Close the Computer Management window.

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Try setting your clients DNS server to the IP addrss of the SBS.
Dale MassicottePresidentAuthor Commented:
Irmoore - your resourses have been awesome.   I enabled NETBIOS over TCP/IP on one of the XP computers (as it was not)  But I am still stuck-no problem solved.     Here is some IPCONFIG info...just for clarification

Just to reiterrate XP Computer \\PRESIDENT cannot access XP Computer \\OLDSERVER in "My Network Places"

Click on XP Computer \\OLDSERVER Error Msg:   ** "\\COMPUTERNAME is not accessible.  You do not have permission to use this network resourse...blah ... blah ...blahh...the user name could not be found"

but vice versa XP Computer \\OLDESERVER  **CAN** access XP Computer \\PRESIDENT in "My Network Places" - no problems there.

This is from CMD prompt IPCONFIG /all from Client XP Computer PRESIDENT.

C:\Documents and Settings\DaleMassicotte>ipconfig /all

Windows IP Configuration

        Host Name . . . . . . . . . . . . : PRESIDENT
        Primary Dns Suffix  . . . . . . . : premierexpress.local
        Node Type . . . . . . . . . . . . : Hybrid
        IP Routing Enabled. . . . . . . . : No
        WINS Proxy Enabled. . . . . . . . : No
        DNS Suffix Search List. . . . . . : premierexpress.local

Ethernet adapter Local Area Connection:

        Connection-specific DNS Suffix  . :
        Description . . . . . . . . . . . : GVC-REALTEK Ethernet 10/100 PCI Adap
ter #2
        Physical Address. . . . . . . . . : 00-C0-A8-89-EE-99
        Dhcp Enabled. . . . . . . . . . . : No
        IP Address. . . . . . . . . . . . :
        Subnet Mask . . . . . . . . . . . :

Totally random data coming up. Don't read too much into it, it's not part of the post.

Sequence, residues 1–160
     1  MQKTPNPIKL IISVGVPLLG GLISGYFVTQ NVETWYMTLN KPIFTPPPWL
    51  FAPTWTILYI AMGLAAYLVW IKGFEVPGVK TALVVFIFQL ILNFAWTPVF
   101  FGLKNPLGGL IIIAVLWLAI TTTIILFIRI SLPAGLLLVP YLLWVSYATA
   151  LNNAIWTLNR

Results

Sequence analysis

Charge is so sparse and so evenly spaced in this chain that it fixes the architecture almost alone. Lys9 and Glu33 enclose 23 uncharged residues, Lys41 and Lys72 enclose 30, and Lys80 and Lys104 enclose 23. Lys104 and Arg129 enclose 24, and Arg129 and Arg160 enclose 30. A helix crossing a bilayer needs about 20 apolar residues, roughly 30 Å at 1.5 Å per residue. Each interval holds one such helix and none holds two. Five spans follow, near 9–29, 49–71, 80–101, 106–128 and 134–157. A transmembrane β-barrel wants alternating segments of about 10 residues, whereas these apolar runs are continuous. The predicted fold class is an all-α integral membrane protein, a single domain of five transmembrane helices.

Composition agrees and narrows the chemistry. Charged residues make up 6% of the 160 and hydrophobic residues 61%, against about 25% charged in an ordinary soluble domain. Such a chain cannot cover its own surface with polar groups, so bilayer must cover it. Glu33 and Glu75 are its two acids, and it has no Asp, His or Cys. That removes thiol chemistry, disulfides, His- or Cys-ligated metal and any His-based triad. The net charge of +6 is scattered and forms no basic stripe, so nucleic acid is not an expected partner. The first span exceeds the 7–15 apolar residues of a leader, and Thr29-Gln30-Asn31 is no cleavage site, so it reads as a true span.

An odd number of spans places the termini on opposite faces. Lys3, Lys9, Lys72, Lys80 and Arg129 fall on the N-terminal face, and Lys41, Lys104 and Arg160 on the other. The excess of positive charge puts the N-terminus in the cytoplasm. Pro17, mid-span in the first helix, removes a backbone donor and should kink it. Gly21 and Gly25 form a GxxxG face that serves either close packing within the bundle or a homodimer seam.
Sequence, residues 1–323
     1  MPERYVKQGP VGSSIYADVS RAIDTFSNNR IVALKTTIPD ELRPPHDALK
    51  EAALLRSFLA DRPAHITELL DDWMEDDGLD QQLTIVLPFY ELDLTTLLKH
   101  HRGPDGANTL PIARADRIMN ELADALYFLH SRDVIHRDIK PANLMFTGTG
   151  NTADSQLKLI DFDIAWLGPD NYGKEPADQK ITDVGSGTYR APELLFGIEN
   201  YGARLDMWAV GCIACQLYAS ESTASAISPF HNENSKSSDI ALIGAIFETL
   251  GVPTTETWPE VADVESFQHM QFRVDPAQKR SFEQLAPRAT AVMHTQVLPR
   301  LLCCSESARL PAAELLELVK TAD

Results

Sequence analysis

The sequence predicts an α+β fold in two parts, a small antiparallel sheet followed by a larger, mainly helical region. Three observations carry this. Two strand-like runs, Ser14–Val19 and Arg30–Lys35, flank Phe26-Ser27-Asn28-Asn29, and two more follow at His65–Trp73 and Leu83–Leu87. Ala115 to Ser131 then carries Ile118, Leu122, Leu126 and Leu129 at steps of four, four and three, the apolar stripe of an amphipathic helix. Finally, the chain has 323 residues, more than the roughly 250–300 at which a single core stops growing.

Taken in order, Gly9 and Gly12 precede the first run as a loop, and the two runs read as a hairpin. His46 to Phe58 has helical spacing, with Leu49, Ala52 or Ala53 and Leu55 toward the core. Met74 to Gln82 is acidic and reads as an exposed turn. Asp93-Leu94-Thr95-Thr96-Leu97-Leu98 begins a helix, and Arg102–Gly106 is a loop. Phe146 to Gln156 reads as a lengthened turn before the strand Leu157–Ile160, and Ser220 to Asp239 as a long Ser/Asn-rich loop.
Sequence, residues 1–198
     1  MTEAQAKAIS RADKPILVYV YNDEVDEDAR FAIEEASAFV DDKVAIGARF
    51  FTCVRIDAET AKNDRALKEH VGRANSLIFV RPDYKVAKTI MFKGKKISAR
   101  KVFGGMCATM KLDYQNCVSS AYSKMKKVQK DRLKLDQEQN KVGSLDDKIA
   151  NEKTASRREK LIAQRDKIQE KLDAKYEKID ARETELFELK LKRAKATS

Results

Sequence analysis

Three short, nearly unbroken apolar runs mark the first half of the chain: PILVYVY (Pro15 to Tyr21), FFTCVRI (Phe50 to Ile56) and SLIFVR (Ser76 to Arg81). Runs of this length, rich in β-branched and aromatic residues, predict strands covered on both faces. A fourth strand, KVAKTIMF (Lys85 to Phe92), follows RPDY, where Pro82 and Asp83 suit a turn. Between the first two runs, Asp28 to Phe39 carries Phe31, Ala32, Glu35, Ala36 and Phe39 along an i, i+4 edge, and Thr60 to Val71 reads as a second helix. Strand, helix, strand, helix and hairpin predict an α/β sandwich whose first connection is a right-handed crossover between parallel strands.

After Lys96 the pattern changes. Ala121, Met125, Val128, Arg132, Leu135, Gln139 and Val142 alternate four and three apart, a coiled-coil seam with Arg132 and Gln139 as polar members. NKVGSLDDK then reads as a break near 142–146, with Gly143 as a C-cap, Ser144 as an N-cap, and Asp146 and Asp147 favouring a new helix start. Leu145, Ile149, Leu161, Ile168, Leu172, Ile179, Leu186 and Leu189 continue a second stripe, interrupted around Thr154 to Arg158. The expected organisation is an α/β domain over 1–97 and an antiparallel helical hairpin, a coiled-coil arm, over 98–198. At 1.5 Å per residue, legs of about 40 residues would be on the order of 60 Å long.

Default Gateway . . . . . . . . . :
        DNS Servers . . . . . . . . . . . :

This is from CMD prompt IPCONFIG /all from Client XP Computer OLDSERVER.

C:\Documents and Settings\Administrator>ipconfig /all
Windows IP Configuration
        Host Name . . . . . . . . . . . . : OldServer
        Primary Dns Suffix  . . . . . . . : premierexpress.local
        Node Type . . . . . . . . . . . . : Unknown
        IP Routing Enabled. . . . . . . . : No
        WINS Proxy Enabled. . . . . . . . : No
        DNS Suffix Search List. . . . . . : premierexpress.local
Ethernet adapter Local Area Connection:
        Connection-specific DNS Suffix  . :
        Description . . . . . . . . . . . : Linksys LNE100TX Fast Ethernet Adapt
er(LNE100TX v4)
        Physical Address. . . . . . . . . : 00-04-5A-53-B3-E5
        Dhcp Enabled. . . . . . . . . . . : No
        IP Address. . . . . . . . . . . . :
        Subnet Mask . . . . . . . . . . . :
        Default Gateway . . . . . . . . . :
        DNS Servers . . . . . . . . . . . :

This japaneese may actually look like english to you!  Note the DNS server addresses are those for my Cable Internet Connection.

I am actually doing all this from Remote Connection at my home --- remotely connecting to my office computer PRESIDENT through the Linksys router at the office with IP forwarding to my computer's ip address  While remotely viewing the PRESIDENT computer, I have REMOTE CONNECTION setup to see OLDSERVER computer  Needless to say, I can't check the other computers for NetBios over IP until I get there tomorrow.  So in all actuality I am remotely viewing OLDSERVER computer via the PRESIDENT computer which I am actually remotely viewing from home.  Have I completely gone insane?

But again, I appreciate all of your help.  Dale
as your DNS domain is only hosted on your local DNS you will need to set the clients to use it.
PRESIDENT may have Guest account enabled, OLDSERVER does not.
Do you have identical username/password accounts on both?
Yah, it's pretty much a permissions thing, IMHO, since you can "see" the other comps but get a message that you don't have permission to use it...

I think lrmoore's last post will be your clue.  You need to have the same authentication criteria, or add the other computer/user accounts to the local permissions on each computer.